United Daughters of the Confederacy

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This article is about the lineage society. For the United Daughters of the Confederacy Memorial Building, see Memorial to Women of the Confederacy.
United Daughters
of the Confederacy
United Daughters of the Confederacy logo.png
Abbreviation UDC
Motto "Think, Love, Pray, Dare, Live"
Established September 10, 1894; 120 years ago (1894-09-10)
Founders Caroline Goodlett,
Anna Raines
Type Patriotic-hereditary society
Legal status State chartered corporation
Headquarters Memorial Building,
328 North Boulevard,
Richmond, Virginia
Region served
Membership (2012)
Official language
Pamela Trammell
Frances Woodruff
Publication UDC Magazine
Subsidiaries Children of the Confederacy
Affiliations Sons of Confederate Veterans
Website hqudc.org
Formerly called
National Association of the Daughters of the Confederacy

The United Daughters of the Confederacy, Inc. is an association of female descendants of Confederate veterans. It was founded on September 10, 1894.[1]


It was especially influential in the early twentieth century across South, where its main role was to preserve and uphold the memory of the Confederate veterans, especially those husbands, sons, fathers and brothers who died in the war. Its long-term impact was to promote the Lost Cause image of the antebellum plantation South as an idealized society crushed by the forces of Yankee modernization.[2]


Across the Southern United States, associations were founded after the Civil War, chiefly by women, to organize burials of Confederate soldiers, establish and care for permanent cemeteries for Confederate soldiers, organize commemorative ceremonies, and sponsor impressive monuments as a permanent way of remembering the Confederate cause and tradition.[3] They were "strikingly successful at raising money to build Confederate monuments, lobbying legislatures and Congress for the reburial of Confederate dead, and working to shape the content of history textbooks."[4] They also raised money to care for the widows and children of the Confederate dead. Most of these memorial associations eventually merged into the United Daughters of the Confederacy, which grew from 17,000 members in 1900 to nearly 100,000 women by World War I.[5]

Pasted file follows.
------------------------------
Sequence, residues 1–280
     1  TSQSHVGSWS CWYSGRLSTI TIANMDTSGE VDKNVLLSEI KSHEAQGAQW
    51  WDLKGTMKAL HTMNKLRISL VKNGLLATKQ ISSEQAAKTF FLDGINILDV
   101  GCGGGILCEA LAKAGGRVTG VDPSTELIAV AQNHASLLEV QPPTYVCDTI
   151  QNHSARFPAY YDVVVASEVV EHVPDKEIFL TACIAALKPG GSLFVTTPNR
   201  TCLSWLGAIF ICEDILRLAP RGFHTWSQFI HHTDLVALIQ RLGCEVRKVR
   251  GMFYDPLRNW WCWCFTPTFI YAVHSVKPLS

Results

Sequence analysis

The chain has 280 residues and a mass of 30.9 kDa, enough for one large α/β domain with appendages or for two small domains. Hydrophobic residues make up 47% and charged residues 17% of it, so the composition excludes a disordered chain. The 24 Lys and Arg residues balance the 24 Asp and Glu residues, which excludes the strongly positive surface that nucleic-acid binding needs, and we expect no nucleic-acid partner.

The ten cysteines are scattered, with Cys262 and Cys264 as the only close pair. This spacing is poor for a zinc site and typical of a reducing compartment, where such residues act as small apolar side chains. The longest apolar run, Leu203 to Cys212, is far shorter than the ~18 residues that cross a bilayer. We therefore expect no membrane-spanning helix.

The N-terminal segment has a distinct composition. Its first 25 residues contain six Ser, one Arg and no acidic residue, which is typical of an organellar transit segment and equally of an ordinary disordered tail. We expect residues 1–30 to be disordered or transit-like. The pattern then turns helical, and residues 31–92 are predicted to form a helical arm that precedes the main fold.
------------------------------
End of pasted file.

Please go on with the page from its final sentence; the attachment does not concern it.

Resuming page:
The organization encouraged women to publish their experiences in the war, beginning with biographies of major southern figures, such as Varina Davis' of her husband Jefferson Davis, president of the Confederacy. Later, women began adding more of their own experiences to the "public discourse about the war", in the form of memoirs, such as those published in the early 1900s by Sara Pryor, Virginia Clopton and Louise Wright and others. They also recommended structures for the memoirs. By the turn of the twentieth century, a dozen memoirs by southern women were published. They constituted part of the growing public memory about the antebellum years and the Lost Cause, as they vigorously defended the Confederacy.[6]

After 1900 the UDC became an umbrella organization coordinating local memorial groups.[7] The goal was to foster and shape public memory across the South by promoting visibility and a positive image of Confederate veterans. The UDC women specialized in sponsoring local monuments to anonymous soldiers. After 1945, they were active in placing historical markers along Southern highways.[8]

The UDC has also been active in national causes during wartime. According to the organization, during World War I, it funded 70 hospital beds at the American Military Hospital on the Western front and contributed $82,000 for French and Belgian war orphans. Homefront campaign raised $24 million for war bonds and savings stamps. Members donated over $800,000 to the Red Cross. During World War II, the U.D.C. gave financial aid to student nurses.

Children of the Confederacy[edit]